Former Japan Aerospace Exploration Agency astronaut Soichi Noguchi is inside a sleep station on the space station in April 2021.

Jet lag begins before astronauts ever arrive at the space station, and their sleep schedules are shifted for days before liftoff based on the time of day and time zone from which they will launch. Once they reach the space station, each astronaut is shifted to Greenwich Mean Time, “a nice middle ground between all of the countries that participate,” Flynn-Evans said.

At the Fatigue Countermeasures Laboratory, Flynn-Evans and her colleagues develop tools to help astronauts overcome sleep challenges. Some of the strategies involve managing when the astronauts are exposed to blue light, the primary synchronizing wavelength for the circadian system, and when to reduce blue light to help them sleep.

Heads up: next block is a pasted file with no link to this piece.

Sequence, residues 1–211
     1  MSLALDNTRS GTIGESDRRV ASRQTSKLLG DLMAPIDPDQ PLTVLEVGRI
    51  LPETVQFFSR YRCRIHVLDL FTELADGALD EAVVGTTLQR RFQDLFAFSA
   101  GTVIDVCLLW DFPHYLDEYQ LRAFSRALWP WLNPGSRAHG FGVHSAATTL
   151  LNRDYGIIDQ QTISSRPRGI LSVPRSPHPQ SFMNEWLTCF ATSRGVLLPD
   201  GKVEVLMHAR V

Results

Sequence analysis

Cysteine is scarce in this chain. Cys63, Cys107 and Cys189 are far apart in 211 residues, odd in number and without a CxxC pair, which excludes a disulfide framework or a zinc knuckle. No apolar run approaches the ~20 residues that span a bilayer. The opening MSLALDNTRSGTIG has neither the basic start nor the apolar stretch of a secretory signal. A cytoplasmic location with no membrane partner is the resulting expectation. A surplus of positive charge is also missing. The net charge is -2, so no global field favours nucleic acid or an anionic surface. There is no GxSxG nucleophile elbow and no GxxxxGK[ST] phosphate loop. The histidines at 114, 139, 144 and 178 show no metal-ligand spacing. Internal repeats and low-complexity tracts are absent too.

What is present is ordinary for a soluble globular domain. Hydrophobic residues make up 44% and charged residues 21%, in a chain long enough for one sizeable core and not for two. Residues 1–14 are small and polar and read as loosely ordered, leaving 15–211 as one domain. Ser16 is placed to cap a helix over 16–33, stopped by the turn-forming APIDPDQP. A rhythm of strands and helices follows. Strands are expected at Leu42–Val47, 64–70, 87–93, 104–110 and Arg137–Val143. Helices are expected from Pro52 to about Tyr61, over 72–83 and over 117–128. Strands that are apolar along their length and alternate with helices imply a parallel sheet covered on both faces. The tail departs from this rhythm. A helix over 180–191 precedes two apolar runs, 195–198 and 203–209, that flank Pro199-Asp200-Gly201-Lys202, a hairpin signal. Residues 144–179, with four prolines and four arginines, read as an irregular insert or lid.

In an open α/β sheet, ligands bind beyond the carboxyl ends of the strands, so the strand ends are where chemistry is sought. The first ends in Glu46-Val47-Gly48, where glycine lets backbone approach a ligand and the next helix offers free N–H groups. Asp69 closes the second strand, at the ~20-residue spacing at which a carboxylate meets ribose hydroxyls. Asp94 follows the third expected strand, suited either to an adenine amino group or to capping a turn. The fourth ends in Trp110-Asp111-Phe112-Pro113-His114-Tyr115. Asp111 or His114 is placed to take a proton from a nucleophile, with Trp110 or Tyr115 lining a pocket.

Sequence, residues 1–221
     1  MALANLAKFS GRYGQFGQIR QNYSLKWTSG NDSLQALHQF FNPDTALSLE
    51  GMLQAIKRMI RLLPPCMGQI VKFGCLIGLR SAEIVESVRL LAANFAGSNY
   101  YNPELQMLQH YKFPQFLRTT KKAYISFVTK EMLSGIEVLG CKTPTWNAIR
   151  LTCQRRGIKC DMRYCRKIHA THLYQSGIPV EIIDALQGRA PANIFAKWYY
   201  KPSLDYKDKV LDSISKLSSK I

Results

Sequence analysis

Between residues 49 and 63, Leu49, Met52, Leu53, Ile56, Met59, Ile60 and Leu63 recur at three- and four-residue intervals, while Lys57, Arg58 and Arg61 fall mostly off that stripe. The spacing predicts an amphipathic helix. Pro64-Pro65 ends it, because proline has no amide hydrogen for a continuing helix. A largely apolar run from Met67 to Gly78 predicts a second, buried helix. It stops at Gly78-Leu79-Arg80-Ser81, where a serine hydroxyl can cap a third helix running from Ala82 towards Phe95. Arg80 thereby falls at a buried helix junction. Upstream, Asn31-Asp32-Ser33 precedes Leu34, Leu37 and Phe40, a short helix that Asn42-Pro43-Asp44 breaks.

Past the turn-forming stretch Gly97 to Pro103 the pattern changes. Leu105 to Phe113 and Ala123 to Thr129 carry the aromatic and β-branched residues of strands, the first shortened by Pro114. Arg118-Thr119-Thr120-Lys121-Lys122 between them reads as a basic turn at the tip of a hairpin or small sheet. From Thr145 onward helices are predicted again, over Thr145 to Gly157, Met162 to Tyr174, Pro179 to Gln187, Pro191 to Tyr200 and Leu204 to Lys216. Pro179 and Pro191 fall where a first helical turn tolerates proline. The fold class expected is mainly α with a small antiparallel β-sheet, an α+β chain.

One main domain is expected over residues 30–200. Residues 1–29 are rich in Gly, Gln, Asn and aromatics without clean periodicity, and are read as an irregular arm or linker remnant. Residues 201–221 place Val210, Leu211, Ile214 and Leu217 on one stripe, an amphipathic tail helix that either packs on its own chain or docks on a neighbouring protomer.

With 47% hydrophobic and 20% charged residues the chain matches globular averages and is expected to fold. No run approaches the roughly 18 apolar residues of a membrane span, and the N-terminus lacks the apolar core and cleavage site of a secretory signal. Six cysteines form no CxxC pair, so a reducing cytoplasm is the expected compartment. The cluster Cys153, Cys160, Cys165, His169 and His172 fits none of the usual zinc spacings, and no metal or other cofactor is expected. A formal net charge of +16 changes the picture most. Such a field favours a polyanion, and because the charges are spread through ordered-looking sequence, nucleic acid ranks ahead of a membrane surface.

Astronauts have regimented schedules, but the arrival of resupply missions or new crews sometimes interrupt those. Flynn-Evans and other researchers develop approaches to shifting sleep safely for the astronauts, such as determining when to take naps or stay up later to accommodate schedule changes.

The same tips that help astronauts sleep also apply on Earth, including following a regular schedule with waking and falling asleep at the same time as much as possible and limiting exposure to blue light before going to bed, which is emitted by LED TVs, smartphones, computers and tablets.

Although scientists have sleep data from years of spaceflight, conducting simulated missions on Earth allow for more control.